JERUSALEM-- Israeli restrictions in the West Bank cost the struggling Palestinian economy more than $3.4 billion a year, according to a report released by the World Bank on Tuesday.
More than half of West Bank lands are largely off-limits to Palestinians, the report said. Increasing access to these lands could boost gross domestic production by as much as 35%, generate $800 million in additional annual revenue for the Palestinian Authority, cut its deficit in half and reduce reliance on foreign aid, it said.
The report focuses on the economic potential of the approximately 61% of West Bank lands designated as Area C under the 1993 Oslo peace accords.
The agreement stipulated that the lands be gradually transferred to the Palestinian Authority by 1998, but they remain under Israeli security and administrative control. More than 320,000 Israeli settlers live in Area C, and about 70% of these lands fall under their regional councils.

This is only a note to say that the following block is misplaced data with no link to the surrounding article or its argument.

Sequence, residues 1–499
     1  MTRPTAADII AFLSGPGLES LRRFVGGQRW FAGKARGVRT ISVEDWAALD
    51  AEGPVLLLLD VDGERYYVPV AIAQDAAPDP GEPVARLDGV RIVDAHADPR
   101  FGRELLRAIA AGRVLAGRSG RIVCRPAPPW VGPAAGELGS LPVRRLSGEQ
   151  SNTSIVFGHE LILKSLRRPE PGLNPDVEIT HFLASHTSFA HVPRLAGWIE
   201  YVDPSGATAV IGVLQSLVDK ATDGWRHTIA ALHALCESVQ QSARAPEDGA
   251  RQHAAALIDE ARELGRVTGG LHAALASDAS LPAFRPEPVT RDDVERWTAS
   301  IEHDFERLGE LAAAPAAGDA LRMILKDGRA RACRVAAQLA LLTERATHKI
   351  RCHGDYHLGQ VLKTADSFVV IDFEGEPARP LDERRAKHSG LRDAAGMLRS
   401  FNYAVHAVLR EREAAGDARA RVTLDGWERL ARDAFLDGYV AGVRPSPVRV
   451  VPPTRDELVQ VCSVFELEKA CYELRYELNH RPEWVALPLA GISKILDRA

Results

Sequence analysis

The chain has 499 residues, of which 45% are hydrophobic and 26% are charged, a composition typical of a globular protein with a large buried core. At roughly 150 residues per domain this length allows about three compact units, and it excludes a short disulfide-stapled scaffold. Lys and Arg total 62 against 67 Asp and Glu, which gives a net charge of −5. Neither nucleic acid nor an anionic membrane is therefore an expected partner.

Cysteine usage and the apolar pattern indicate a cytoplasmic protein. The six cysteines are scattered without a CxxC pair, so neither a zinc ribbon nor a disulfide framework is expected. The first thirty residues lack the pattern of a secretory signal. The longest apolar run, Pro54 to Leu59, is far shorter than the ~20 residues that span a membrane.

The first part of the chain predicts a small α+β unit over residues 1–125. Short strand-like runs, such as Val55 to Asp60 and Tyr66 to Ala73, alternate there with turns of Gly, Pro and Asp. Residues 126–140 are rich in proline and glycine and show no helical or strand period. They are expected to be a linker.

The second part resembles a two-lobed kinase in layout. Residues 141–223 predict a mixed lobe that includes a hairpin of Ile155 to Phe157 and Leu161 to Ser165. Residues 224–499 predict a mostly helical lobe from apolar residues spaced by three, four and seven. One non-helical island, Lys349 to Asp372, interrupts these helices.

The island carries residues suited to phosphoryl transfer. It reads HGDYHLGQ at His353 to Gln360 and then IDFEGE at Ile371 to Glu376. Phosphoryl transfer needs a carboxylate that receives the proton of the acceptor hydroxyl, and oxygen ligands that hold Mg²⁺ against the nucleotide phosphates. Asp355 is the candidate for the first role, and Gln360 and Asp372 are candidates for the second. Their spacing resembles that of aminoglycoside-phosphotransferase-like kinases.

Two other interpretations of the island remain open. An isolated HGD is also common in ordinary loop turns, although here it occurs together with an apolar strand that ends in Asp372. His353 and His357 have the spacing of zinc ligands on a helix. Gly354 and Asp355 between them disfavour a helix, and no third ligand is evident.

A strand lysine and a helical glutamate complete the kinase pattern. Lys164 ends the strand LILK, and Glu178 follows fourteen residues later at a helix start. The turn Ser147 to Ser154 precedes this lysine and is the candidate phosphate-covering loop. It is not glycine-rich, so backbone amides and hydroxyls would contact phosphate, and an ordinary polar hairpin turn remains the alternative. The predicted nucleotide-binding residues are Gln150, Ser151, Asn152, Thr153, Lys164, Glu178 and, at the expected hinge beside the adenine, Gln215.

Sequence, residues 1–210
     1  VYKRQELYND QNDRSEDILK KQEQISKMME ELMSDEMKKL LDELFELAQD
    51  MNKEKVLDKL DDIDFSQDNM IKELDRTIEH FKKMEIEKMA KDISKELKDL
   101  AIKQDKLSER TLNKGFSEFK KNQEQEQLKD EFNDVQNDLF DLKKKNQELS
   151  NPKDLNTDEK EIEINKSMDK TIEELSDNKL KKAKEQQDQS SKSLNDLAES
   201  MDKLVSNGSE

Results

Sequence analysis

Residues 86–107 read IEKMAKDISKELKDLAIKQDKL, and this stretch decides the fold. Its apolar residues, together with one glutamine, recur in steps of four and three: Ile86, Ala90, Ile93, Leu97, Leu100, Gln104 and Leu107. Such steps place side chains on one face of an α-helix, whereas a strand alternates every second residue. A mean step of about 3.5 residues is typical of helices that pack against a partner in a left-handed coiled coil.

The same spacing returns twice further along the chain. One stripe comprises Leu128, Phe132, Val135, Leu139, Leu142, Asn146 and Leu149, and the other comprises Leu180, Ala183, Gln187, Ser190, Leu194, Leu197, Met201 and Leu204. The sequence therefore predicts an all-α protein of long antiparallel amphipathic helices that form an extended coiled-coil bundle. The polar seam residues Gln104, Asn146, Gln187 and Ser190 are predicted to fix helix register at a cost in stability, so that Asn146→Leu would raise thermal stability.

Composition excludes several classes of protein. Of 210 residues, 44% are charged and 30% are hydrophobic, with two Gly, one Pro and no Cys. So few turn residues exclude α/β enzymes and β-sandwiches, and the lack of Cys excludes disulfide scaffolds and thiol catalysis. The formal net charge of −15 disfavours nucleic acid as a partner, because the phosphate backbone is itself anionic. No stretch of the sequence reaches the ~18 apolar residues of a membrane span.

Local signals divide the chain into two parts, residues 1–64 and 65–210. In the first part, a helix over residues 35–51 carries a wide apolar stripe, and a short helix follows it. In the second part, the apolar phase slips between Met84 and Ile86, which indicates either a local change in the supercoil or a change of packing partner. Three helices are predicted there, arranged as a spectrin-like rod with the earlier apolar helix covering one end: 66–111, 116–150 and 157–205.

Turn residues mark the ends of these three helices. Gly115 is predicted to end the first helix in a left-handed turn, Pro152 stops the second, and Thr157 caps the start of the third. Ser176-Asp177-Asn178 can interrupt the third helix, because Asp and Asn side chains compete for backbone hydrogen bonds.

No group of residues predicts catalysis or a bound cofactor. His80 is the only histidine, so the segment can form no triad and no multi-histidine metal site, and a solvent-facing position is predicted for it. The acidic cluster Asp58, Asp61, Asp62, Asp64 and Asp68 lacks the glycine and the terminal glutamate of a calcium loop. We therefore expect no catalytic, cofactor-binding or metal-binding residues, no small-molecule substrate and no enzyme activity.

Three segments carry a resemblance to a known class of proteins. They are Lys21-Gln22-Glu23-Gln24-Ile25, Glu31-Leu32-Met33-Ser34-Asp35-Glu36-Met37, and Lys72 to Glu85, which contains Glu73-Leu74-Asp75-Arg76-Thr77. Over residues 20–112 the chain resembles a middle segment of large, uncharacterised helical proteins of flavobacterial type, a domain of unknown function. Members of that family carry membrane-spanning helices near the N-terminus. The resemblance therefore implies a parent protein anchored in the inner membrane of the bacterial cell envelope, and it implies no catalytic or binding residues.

The area has great economic potential, with possibilities for agriculture, Dead Sea minerals exploitation, stone mining and quarrying, construction, tourism and telecommunications, according to the report.
“Unleashing the potential from that ‘restricted land’ -- access to which is currently constrained by layers of restrictions -- and allowing Palestinians to put these resources to work, would provide whole new areas of economic activity and set the economy on the path to sustainable growth,” said Mariam Sherman, the bank’s outgoing country director for the West Bank and Gaza.
Sobelman is a news assistant in The Times’ Jerusalem bureau.